How Millennials are making suburban living their own

Milennials are moving to the suburbs seeking cheaper living, more space, and good schools.

13 de febrero de 2018

The flight to suburbia has long been a defining trait of generations of late-20 and 30-somethings seeking cheaper living, more space and good schools.

Millennials are no different; despite their well-documented love of downtown lifestyles, recent census data reveals that older Millennials are more than twice as likely as their younger counterparts to move from the city to the suburbs, as vice versa. This is not to say cities are emptying out of Millennials. Many remain city-bound, particularly those who are college-educated. But older Millennials, those with children, and those with lower incomes are increasingly heeding the call of suburbia.

“People seem to think of Millennials as being stuck in time, in a way. But they’re only human, and human desires change over time,” says Ryan Severino, Chief Economist, JLL. “Many older Millennials are keen to settle down—get married, have kids, enjoy a little more space. And guess where all those things have happened throughout the last century? The suburbs.”

There is, however, one big difference between what Millennials now do when they settle in the suburbs compared with their parents’ generation.

Today’s 30-somethings are more likely to stick with the renting cycle once they’ve reached the suburbs, rather than immediately purchasing a starter home. That’s in part due to the United States’ ongoing single-family housing affordability issues and historically high student loan debts.

U.S. tax reform may push more people to continue renting—at least in the short term—as the new law limits deductions for mortgage interest. But tax reform is not a death knell for home ownership, says Severino. “The majority of Millennials still aspire to buy their own home,” he says.

Suburbia’s timeless offer: More space to grow

In the short-term, Millennials are likely to continue to rent as they save up for a down payment – yet with children to consider, the priorities at the top of their amenities list is rather different to their younger years.

Good local schools, for example, are now more important than good local restaurants. “A lot of interest is driven by young people coupling up and having their first child, and becoming concerned about school options,” says Christine Espenshade, Managing Director for JLL’s Mid-Atlantic Multifamily team. “School ratings are becoming one of the key areas of consideration for multifamily investors because they know people will pay a premium to be located near a good school.”

Employment is another big draw. The labor market is tighter now than it was only a few years ago, and many jobs are located in the suburbs.

“Recently, we’ve been seeing faster employment growth in suburbs than urban areas,” says Severino. “While there have been many major headquarters relocations to cities, many small- to medium-sized businesses are entrenched in suburban communities.”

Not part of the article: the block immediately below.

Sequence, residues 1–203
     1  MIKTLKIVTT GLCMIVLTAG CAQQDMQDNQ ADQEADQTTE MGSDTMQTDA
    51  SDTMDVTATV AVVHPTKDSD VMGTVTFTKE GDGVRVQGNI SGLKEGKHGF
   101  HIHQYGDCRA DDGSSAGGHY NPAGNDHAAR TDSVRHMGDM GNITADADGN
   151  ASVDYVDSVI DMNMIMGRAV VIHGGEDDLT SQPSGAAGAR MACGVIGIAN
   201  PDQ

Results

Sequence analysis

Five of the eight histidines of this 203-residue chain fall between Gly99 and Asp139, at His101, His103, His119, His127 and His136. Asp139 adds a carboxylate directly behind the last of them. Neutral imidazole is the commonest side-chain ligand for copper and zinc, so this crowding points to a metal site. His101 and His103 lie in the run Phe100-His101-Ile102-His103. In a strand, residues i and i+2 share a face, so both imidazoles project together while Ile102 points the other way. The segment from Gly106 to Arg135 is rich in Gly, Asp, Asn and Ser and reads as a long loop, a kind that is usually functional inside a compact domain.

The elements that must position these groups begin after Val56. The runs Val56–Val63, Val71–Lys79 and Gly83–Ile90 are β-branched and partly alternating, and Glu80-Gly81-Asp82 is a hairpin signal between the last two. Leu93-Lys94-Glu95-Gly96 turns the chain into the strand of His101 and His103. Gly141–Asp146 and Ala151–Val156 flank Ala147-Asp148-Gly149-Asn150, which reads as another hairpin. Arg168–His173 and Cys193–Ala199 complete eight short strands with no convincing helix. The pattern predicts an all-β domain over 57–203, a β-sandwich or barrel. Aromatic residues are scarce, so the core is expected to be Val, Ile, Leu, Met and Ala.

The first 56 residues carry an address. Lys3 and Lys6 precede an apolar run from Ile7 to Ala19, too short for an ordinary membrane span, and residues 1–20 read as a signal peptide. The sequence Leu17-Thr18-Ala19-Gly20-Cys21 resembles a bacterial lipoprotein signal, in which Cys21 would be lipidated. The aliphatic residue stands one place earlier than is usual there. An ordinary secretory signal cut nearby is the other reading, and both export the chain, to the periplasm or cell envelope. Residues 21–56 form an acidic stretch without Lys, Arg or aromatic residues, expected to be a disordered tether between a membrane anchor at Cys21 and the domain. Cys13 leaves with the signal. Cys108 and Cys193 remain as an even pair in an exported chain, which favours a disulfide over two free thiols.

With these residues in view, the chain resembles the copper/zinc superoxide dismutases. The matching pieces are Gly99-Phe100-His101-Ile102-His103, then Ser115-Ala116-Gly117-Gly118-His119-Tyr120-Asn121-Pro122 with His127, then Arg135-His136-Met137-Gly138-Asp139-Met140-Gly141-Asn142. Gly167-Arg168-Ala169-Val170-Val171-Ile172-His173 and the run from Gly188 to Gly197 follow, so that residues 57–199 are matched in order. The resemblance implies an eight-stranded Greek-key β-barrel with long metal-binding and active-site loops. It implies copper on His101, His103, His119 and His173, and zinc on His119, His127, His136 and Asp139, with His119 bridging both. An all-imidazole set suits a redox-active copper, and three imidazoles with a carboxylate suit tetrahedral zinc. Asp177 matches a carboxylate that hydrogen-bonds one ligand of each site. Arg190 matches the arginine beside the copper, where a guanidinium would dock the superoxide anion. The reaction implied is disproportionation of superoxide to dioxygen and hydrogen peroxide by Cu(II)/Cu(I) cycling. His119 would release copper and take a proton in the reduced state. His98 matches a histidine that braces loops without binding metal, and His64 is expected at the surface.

Plus, some of the biggest corporations are investing in both urban and suburban locations, from Apple’s headquarters in Cupertino to Google’s digs in Ann Arbor.

And of course, a $1,200-a-month home in the suburbs comes with more space than an equivalent costing one in the city. “Apartments are slightly larger in the suburbs,” says Espenshade. “For example in the DC market, tenants can get around 250-300 square-foot more for their dollar in suburban apartments compared to urban buildings. They’re also more likely to find ‘extras’ in the suburbs like a den, which could be perfect for a nursery, or larger gyms and pools—at the same price point.”

The desire for more space can be well served by the growing trend toward more garden-style developments—low-rise buildings surrounded by green space. According to JLL’s recent multifamily outlook, garden-style transactions surged 70 percent in 2017, while high-rise transactions decreased by 60 percent.

Getting the edge in today’s suburban multifamily housing

Of course, not all suburbs are created equal, and neither are the housing developments within them. There are a few top draws for Millennials who consider leaving the cities they love.

“Suburbs that have fared well offer the best of both worlds,” says Severino. “Today’s popular suburbs look more like mini cities than the cookie-cutter blocks of yesteryear. They offer walkable, central areas with stores and restaurants, as well as some mix of transit.”

And Millennials’ expectations are also high in terms of modern buildings with high-quality finishes. “Millennials aren’t interested in older buildings with 8-foot ceilings and outdated lobbies,” says Espenshade. “Younger tenants want high efficiency washer/dryers and great connectivity within their own units, and buzzing communal areas outside it.”

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